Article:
Hundreds of years ago on the island of Blessed, King Eirikr had to appease the gods by sacrificing himself. He swore to Merle, his love, that he would live seven more times and that nothing would keep them apart -- he would find Merle in each of those lives.
Over the course of seven lifetimes, Eric and Merle are reunited in very different circumstances. Through the centuries Eric is a famous painter, a vampire, a World War II pilot, an archeologist, a Viking, and more. He travels the world during these lives but is always drawn to the idyllic island where his love continues to live because of the island’s secret, horrible tradition.
Why I picked it up: Marcus Sedgwick said to me once at a library convention, “I'm a twisted bastard, aren’t I?” His books (in particular My Swordhand is Singing and White Crow) are creepy, atmospheric, and entirely different from run-of-the-mill YA books.
Why I finished it: His last book, Revolver, was a Printz honor book, and this one is similarly readable and and complex. The way the seven versions of Eric return to the Island of Blessed is the strength of this book. My curiosity increased about the strange, creepy place and its inhabitants every time Eric returned. The novel is composed of seven short stories that each give details that build on and add to the others. And I’m in awe of Sedgwick’s mastery of time and setting in this book -- he was able to tie everything together without losing track of the narrative thread, all while revealing just enough information about the mystery at the book’s conclusion to keep me reading.
I'd give it to: Rhonda, who consumed the Tiger's Curse series by Colleen Houck and The House of Night series by P.C. Cast. Merle's poignant sadness will be catnip to Rhonda! And she will especially like that Sedgwick works in a ghost story where two siblings are told stories about Merle and Eric's love by a nanny who was not hired by the parents and does not exist.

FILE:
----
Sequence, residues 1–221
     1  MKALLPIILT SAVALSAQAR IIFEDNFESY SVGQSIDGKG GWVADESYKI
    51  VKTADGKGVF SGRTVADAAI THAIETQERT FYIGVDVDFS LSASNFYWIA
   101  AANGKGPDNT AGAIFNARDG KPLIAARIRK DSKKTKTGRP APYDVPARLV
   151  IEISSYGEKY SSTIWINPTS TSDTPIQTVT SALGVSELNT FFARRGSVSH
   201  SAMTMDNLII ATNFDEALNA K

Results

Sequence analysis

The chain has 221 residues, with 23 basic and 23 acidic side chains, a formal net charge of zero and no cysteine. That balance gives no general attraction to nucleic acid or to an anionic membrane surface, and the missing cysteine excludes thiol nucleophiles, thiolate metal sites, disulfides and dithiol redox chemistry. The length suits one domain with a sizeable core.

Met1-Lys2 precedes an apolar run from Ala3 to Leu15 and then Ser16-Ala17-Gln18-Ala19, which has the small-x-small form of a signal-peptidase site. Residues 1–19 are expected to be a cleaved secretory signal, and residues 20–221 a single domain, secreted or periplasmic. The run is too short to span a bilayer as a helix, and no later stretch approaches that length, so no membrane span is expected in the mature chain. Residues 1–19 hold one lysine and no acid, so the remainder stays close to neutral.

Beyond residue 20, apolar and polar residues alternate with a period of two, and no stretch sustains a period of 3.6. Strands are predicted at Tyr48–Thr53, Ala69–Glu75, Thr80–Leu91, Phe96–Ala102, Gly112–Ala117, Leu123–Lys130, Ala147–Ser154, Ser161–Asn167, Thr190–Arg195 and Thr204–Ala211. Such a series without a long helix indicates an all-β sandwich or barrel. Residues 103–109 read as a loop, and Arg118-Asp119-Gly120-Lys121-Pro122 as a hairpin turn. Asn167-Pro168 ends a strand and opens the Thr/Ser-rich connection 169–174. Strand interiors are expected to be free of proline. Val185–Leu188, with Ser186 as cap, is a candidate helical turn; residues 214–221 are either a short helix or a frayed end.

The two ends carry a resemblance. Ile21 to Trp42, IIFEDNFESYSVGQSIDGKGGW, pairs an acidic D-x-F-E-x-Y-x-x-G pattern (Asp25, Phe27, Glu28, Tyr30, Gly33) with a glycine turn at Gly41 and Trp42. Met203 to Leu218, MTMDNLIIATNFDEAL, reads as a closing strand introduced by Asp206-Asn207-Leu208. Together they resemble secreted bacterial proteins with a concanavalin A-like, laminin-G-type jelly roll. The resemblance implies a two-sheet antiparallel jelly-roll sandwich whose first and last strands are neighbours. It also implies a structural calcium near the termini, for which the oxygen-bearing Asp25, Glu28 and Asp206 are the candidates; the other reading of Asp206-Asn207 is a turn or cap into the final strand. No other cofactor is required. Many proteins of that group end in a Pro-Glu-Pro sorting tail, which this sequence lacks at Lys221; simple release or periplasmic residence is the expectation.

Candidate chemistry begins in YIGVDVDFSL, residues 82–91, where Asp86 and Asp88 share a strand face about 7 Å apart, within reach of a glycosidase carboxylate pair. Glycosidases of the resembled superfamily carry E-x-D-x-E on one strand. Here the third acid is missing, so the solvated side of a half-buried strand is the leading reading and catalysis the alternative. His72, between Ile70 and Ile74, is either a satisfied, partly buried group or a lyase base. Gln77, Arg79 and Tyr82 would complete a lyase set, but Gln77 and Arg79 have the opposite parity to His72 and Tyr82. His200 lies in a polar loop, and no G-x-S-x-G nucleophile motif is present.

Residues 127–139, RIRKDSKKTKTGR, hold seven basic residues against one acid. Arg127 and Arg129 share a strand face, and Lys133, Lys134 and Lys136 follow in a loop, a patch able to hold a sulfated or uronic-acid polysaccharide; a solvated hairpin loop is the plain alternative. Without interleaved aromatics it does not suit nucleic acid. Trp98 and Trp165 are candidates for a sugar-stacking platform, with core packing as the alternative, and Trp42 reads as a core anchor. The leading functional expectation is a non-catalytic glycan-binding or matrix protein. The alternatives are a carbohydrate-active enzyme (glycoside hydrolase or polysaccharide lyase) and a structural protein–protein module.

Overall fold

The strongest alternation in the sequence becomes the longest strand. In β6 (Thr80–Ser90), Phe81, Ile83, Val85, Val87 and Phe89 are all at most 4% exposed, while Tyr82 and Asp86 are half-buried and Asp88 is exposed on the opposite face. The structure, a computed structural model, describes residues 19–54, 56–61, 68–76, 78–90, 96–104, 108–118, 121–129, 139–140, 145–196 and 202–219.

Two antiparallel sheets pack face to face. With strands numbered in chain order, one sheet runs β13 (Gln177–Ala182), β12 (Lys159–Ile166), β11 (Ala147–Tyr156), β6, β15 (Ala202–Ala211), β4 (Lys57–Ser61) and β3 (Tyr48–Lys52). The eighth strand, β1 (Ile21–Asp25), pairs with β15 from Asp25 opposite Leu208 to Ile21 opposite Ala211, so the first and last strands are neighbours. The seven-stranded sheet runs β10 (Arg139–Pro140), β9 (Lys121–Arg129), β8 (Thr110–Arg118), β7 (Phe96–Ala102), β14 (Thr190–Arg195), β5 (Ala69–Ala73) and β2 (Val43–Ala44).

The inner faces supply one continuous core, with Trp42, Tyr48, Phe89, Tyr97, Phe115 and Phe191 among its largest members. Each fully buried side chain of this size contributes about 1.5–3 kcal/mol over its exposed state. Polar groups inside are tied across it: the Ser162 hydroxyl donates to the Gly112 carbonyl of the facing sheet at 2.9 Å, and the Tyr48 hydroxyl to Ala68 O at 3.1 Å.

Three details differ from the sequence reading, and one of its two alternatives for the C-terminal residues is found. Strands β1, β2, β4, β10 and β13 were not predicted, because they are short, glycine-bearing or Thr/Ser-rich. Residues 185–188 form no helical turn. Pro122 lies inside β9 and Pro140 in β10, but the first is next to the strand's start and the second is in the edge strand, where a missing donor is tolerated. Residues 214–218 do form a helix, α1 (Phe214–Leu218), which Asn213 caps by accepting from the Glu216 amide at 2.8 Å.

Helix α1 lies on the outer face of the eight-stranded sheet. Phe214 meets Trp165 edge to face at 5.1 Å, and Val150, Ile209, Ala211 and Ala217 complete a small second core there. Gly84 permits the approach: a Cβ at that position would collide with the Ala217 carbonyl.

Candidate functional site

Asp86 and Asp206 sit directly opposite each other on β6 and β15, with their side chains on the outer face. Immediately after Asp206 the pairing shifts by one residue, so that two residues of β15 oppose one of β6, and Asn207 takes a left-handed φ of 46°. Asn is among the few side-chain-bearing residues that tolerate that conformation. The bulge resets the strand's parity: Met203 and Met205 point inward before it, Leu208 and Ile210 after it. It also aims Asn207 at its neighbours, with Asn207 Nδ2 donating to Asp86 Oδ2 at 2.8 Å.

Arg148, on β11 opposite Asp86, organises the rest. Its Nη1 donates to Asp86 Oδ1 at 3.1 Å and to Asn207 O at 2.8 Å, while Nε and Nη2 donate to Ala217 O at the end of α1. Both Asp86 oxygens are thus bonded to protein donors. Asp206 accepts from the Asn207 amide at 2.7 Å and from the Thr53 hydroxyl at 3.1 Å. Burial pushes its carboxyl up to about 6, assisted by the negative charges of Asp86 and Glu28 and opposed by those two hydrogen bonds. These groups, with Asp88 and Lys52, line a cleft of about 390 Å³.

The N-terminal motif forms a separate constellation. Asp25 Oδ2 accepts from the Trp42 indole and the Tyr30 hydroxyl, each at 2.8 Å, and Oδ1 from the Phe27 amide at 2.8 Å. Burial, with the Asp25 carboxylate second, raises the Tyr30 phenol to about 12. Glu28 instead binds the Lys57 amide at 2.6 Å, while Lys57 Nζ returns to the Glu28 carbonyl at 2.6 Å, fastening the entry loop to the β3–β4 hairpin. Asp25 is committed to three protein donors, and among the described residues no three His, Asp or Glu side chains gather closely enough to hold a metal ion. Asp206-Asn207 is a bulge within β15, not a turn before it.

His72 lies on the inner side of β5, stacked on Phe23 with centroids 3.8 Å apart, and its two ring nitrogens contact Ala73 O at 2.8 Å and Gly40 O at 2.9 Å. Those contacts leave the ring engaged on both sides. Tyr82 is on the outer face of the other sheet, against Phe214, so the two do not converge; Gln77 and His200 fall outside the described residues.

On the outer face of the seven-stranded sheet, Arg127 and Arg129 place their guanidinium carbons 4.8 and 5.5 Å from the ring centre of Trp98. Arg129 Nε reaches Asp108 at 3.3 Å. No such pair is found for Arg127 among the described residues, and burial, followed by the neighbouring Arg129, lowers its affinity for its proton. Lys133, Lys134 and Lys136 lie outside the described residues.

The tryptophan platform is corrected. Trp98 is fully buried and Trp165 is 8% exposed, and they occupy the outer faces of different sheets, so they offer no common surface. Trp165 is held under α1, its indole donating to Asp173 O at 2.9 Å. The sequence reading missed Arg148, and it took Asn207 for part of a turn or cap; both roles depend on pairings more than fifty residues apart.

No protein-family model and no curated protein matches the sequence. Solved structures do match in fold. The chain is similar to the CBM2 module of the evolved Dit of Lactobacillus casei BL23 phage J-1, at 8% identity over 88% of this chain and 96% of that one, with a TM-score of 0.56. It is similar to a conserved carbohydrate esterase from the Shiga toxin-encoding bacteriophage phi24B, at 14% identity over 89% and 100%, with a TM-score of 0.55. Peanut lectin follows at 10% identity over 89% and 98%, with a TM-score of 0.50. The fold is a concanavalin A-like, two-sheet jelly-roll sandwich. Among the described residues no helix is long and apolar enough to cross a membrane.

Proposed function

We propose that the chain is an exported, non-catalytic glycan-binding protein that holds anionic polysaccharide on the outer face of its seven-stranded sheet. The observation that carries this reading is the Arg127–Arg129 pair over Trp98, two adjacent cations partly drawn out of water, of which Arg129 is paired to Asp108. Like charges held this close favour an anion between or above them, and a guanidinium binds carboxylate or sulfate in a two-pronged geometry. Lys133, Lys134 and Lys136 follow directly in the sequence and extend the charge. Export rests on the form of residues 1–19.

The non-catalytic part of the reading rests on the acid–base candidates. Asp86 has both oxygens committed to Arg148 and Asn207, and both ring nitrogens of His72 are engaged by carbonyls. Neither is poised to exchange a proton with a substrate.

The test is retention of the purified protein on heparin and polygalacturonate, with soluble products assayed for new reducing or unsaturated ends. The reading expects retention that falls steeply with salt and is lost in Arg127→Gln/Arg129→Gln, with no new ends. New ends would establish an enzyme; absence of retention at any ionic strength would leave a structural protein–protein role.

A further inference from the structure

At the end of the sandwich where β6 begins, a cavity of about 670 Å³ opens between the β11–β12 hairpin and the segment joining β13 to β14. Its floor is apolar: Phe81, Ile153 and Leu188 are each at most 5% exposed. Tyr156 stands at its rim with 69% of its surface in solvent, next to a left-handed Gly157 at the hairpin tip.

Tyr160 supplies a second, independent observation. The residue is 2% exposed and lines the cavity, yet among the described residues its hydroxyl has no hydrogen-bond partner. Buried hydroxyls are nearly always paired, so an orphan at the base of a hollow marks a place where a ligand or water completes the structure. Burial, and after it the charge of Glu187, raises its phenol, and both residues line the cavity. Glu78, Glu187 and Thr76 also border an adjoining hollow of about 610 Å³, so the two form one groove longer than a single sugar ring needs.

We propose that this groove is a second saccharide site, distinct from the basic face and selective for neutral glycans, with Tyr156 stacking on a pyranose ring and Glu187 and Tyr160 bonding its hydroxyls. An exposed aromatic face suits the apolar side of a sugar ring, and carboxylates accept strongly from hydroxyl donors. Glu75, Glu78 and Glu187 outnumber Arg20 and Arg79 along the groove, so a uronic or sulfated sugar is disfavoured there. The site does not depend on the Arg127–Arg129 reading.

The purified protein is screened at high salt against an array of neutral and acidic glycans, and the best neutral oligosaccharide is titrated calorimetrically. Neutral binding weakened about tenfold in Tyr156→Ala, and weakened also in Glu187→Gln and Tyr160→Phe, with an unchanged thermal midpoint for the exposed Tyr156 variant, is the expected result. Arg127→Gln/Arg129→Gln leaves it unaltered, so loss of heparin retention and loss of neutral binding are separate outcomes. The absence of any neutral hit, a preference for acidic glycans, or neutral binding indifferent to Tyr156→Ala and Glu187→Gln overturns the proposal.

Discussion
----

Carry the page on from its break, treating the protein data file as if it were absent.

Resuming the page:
Richard is spending his last days in a hospice care center. His mother is watchful and exhausted, but temporarily not allowed to come visit because she has the flu. While she is out his uncle shows up and convinces Richard that he still has a bit of time left to really live.
Why I picked it up: I saw this title at the American Libraries Association conference in Seattle and was intrigued by a book about a teenager with cancer with such a negative title.
Why I finished it: Richard is not always the most sympathetic character. On Halloween he lets his uncle wheel him out and take him to a bar. Once there, Richard is swept up in the moment, gets drunk, and gets a blow job from a strange girl despite his growing feelings for Sylvie, another teen in hospice. But this made him seem much more real than so many teens in similar books. I loved how he casually slipped in hints as to how dire his situation actually was, in a way a teen boy would; he wasn’t obsessing over his fate, but bummed he couldn’t share gum with a girl because his teeth had been getting loose.
I'd give it to: My brother Jonathan, who would probably be bummed out by the inevitable ending of this book but would appreciate the crude perspective and the affirming message about savoring life, whatever shape it takes.